Microsoft backtracks on internet quarantine idea
Microsoft has backtracked on a previous suggestion to put ISPs in charge of computer security, instead backing a “trusted certificate” model.
Last year, vice president of Trustworthy Computing Scott Charney said users should be quarantined by their ISPs if their PCs were infected, for the good of the whole internet.
At this year’s RSA Conference, Charney has backtracked on that much-criticised idea, saying: “My thinking has evolved a great deal.”
My thinking has evolved a great deal
He said such a system had “many flaws”. For example, he noted consumers may not want their machines scanned by a third-party, and network-level controls would put a heavy burden on ISPs.
Charney also admitted it wasn’t fair to cut people off from the internet when it had become so vital.
“My internet PC may have VoIP, and may be how I access… emergency services,” he said. “You see the scenario: I’m having a heart attack, I run to my computer, it says you need to install four patches and reboot before you can access the internet – that’s not the user experience we strive for.”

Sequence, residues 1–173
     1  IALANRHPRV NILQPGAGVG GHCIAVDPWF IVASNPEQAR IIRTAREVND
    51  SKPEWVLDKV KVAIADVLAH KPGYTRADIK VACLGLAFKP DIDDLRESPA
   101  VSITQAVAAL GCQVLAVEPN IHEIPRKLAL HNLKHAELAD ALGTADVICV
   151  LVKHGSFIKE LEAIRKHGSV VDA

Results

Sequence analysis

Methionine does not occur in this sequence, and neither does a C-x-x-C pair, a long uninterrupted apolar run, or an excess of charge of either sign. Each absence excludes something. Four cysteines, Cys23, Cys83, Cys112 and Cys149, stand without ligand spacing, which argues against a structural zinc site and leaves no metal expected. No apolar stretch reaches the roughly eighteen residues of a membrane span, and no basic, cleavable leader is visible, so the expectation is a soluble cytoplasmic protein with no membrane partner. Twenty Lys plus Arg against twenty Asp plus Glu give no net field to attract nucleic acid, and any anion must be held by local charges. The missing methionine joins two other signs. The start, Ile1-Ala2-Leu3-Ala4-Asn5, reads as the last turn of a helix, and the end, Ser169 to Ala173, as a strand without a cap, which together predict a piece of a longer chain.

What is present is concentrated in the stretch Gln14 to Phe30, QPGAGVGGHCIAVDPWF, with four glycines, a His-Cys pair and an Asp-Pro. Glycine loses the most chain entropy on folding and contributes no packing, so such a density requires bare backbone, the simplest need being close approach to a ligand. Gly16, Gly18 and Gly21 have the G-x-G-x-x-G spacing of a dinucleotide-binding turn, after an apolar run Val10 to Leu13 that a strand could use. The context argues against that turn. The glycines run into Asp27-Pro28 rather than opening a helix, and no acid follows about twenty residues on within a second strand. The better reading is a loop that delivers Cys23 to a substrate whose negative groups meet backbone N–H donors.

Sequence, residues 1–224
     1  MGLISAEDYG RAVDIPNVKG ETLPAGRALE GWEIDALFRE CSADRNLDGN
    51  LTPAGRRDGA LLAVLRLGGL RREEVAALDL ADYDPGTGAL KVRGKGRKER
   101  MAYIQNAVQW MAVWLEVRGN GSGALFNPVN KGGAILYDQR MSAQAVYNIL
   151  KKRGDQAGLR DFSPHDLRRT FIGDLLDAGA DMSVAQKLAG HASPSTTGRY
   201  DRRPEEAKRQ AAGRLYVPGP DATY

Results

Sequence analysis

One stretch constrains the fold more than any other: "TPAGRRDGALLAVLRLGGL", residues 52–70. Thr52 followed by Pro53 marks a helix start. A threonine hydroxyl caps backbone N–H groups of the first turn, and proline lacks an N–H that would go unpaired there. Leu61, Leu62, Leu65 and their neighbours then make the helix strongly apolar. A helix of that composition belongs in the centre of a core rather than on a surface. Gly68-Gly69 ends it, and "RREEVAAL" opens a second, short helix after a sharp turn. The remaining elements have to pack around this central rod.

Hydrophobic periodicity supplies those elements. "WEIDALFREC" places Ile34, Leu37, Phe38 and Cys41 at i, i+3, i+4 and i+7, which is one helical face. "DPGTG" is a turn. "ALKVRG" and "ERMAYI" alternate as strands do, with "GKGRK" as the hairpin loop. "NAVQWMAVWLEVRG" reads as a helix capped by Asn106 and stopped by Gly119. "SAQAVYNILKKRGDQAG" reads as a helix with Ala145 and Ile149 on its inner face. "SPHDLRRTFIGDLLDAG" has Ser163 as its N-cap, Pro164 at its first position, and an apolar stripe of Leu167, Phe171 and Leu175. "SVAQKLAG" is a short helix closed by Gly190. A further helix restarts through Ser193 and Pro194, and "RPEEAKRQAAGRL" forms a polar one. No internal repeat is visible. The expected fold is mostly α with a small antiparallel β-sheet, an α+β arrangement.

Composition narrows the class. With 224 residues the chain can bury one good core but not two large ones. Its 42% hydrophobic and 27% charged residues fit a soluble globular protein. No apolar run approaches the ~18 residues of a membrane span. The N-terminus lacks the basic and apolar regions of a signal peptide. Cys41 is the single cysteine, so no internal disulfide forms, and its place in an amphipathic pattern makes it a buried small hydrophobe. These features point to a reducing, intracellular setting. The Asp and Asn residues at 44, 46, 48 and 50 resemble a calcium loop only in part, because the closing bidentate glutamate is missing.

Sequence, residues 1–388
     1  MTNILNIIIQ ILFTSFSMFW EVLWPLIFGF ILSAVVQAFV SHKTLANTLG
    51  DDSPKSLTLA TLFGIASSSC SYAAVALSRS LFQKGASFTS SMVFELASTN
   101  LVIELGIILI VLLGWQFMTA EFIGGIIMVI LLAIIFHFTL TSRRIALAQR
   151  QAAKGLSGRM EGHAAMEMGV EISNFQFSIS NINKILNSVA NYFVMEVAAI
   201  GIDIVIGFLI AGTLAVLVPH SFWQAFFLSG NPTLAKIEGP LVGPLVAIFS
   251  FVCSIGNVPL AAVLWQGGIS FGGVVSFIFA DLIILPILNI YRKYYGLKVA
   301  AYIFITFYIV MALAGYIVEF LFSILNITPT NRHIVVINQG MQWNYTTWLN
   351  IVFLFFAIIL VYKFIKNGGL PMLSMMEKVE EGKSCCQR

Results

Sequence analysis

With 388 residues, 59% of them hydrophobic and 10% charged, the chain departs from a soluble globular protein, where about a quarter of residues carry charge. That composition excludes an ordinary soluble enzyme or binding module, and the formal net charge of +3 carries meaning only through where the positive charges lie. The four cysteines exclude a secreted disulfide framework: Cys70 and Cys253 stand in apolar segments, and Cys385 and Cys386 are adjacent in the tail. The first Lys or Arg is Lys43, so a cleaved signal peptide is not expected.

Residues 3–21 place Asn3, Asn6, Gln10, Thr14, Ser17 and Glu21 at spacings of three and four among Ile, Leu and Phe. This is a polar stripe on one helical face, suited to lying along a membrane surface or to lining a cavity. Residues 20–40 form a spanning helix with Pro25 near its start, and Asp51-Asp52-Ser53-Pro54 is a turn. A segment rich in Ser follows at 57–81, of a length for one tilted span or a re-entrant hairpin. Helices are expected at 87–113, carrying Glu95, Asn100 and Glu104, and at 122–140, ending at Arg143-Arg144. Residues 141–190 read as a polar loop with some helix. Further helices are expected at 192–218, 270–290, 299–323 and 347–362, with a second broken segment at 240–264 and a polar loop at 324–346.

Now, Charney has a new idea, suggesting the industry and users consider “trusted certificates” instead.
Under this system, a specific website – such as a bank – would ask to view a PC’s “health certificate” before allowing access to an account. If the certificate showed a PC didn’t have up-to-date antivirus or was infected, the bank would alert the user.
The system wouldn’t necessarily require the bank to block all access to an account if a health certificate failed or a user refused to provide one; instead, it could limit transactions to a smaller amount to cut risk, Charney said.
This sort of system would still offer a collective defence for everyone on the internet, but leave security in the hands of users, Charney said.
While he admitted the system wouldn’t catch all security risks, it would “raise the basic level of hygiene” for internet-connected PCs.
Charney also raised some issues around cyberwar, calling it the most complicated area of data security, because “we don’t even know how to define it yet”.
He also questioned how governments would respond to cyberwar. “Policy makers haven’t yet grappled with the question: would we order the destruction of people in response to the destruction of data?” he noted.
If someone bombed a telecommunications building, there might be a “kinetic” response, he said. “But if you can cause that destruction through IT, would there be a kinetic response – or just an IT response?” Charney added.
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